Due diligence and disclosure

Scope of due diligence

What is the typical scope of due diligence in your jurisdiction? Do sellers usually provide due diligence reports to prospective buyers? Can buyers usually rely on due diligence reports produced for the seller?

The scope of due diligence consists of identifying any issues related to the asset, business or company to be purchased in order to decide whether to execute the deal and, in the case of a positive outcome, how to protect the buyer from any possible liabilities related to the transaction. In particular, in the case of a share deal - depending also on the size and on the business carried out by the target company - the legal due diligence may cover the following areas of investigation: corporate matters, commercial agreements, labour law matters, administrative and environmental law matters, antitrust, litigation, banking, intellectual property (IP) and regulatory matters.

It is not very common that sellers provide prospective buyers with due diligence reports, particularly because of the costs related. However, in auction processes, it may be possible to have vendor due diligence reports that are made available to prospective buyers, which in certain cases may rely upon such reports under terms and conditions that are agreed between the parties and regulated in the transaction documents.

Liability for statements

Can a seller be liable for pre-contractual or misleading statements? Can any such liability be excluded by agreement between the parties?

Parties have the obligation to negotiate in good faith and, pursuant to article 1337 of the Italian civil code, in the event such principle is breached by any of the parties (eg, in cases of unjustified interruption of the negotiations), this party shall indemnify the counterparty for any losses suffered by the latter. The seller is liable also for misleading statements where such statements have caused a prejudice or loss, or both to the buyer. In this respect, it is worth mentioning that, under Italian law, the parties may exclude the above liability both with respect to conduct that occurred during the negotiation phase as well as in relation to misleading statements possibly contained in the transaction documents, provided that such liability may not be excluded in relation to damage proved to be the consequence of gross negligence or wilful misconduct of the other party.

Publicly available information

What information is publicly available on private companies and their assets? What searches of such information might a buyer customarily carry out before entering into an agreement?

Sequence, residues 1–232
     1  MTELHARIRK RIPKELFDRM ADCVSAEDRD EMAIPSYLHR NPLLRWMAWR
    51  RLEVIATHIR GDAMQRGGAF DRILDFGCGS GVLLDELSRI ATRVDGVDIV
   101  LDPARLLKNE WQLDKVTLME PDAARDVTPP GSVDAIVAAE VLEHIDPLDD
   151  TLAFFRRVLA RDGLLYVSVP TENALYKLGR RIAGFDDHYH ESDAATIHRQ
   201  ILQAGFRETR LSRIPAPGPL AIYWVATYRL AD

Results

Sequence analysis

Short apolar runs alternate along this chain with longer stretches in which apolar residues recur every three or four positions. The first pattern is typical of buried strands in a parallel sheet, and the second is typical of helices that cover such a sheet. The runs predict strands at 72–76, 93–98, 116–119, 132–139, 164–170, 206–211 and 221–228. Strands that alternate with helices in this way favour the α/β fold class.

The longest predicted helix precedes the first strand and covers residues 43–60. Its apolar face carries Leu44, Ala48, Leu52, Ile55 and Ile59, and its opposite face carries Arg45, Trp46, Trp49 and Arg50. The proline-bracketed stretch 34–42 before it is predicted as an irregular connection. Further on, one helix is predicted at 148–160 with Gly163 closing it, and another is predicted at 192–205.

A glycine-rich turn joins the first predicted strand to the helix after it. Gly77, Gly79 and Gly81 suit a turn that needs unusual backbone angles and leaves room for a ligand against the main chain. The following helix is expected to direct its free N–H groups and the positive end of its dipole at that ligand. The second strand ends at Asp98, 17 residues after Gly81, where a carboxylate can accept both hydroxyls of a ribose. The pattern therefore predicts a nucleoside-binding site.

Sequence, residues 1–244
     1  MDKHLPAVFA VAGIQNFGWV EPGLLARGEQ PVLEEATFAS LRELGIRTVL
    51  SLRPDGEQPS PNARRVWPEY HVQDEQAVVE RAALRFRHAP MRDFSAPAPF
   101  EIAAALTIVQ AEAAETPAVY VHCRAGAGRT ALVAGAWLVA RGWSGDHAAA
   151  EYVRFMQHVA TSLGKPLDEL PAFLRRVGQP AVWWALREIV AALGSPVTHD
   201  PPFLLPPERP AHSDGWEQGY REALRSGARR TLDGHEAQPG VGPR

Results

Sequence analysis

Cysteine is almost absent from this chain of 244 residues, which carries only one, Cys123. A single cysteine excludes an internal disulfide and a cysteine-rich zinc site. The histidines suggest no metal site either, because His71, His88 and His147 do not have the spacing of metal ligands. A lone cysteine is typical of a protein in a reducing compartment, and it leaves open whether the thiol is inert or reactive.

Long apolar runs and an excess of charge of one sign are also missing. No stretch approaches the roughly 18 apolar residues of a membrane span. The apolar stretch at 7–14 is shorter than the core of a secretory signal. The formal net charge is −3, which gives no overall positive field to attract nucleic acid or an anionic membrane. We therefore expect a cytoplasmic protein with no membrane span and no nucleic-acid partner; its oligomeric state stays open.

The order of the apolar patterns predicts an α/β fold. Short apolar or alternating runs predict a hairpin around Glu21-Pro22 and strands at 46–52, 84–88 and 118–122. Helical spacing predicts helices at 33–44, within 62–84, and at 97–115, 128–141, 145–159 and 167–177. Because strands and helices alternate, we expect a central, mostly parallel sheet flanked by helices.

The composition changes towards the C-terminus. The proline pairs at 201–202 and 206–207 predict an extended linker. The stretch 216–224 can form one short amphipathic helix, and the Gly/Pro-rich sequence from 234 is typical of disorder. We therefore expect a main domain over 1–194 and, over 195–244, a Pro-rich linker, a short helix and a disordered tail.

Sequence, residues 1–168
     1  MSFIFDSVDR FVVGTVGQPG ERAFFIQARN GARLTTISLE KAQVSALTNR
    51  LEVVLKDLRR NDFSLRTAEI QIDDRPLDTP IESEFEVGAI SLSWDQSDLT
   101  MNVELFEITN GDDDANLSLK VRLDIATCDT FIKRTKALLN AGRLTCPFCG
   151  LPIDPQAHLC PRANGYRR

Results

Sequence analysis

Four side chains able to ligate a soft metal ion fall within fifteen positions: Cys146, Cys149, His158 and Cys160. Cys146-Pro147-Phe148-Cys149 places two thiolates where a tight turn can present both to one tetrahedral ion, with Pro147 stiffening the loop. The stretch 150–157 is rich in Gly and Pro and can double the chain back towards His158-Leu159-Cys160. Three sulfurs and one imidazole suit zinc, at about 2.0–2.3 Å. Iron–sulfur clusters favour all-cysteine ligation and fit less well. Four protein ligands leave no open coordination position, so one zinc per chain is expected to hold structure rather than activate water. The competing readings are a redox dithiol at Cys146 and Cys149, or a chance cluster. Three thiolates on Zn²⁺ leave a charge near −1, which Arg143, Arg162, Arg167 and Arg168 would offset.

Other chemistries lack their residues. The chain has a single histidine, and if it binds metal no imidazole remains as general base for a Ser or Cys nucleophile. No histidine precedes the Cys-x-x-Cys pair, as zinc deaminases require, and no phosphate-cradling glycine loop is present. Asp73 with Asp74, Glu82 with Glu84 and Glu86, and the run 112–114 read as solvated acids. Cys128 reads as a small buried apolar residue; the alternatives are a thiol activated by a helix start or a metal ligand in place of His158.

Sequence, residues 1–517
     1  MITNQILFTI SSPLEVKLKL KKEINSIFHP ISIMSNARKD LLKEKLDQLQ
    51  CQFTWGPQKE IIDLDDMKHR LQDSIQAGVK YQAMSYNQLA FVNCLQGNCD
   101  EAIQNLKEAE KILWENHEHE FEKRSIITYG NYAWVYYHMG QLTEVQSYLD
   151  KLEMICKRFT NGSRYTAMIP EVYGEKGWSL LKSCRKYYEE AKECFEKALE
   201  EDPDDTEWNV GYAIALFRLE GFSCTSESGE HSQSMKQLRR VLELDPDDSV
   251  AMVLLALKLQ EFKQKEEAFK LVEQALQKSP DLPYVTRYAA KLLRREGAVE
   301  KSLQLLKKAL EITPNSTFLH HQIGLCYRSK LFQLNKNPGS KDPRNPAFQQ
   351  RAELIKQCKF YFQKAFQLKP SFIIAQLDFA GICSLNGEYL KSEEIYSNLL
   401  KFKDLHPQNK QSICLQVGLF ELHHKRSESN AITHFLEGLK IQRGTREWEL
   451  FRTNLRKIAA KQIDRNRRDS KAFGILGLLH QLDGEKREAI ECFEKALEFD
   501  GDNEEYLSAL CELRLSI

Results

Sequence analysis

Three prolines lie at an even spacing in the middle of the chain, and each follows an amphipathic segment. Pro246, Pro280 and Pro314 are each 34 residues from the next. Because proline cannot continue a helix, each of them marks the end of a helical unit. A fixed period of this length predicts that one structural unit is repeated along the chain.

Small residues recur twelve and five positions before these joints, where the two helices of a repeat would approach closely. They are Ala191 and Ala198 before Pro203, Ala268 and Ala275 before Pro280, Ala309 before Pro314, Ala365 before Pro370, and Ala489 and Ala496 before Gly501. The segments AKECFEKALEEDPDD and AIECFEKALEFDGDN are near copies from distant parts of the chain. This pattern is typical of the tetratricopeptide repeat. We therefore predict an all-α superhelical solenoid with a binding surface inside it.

A lot of information on private companies may be retrieved in the competent companies register and include, inter alia, the following: financial statements, corporate structure, registered office and local units, value added tax (VAT) number, duration of the company, amount of the corporate capital, composition of the corporate bodies, by-laws and history of all corporate and organisational changes. All of the above information is easily obtained from the companies register, and is consulted first by prospective buyers before entering into negotiations for the acquisition of a private company.

Generally speaking, information regarding ownership of assets, as well as any lien on the same, may be collected insofar as the relevant assets are registered with public registers (eg, real estate, cars, etc).

Impact of deemed or actual knowledge

What impact might a buyer’s actual or deemed knowledge have on claims it may seek to bring against a seller relating to a transaction?

As a general rule, under Italian law, no claim may be brought by the buyer against the seller with respect to potential liabilities actually known by the buyer. Likewise, no indemnification may be claimed by the buyer in the case of reasonably recognisable potential liabilities, unless the seller declared that the goods to be transferred were free from defects. However, with respect to private company acquisitions, it is quite common that, if the buyer is aware of certain potential liabilities (eg, a pending litigation), he or she will seek to negotiate the inclusion of a special indemnity clause in the transaction documents that therefore protects him or her against certain specific risks or issues expressly identified therein.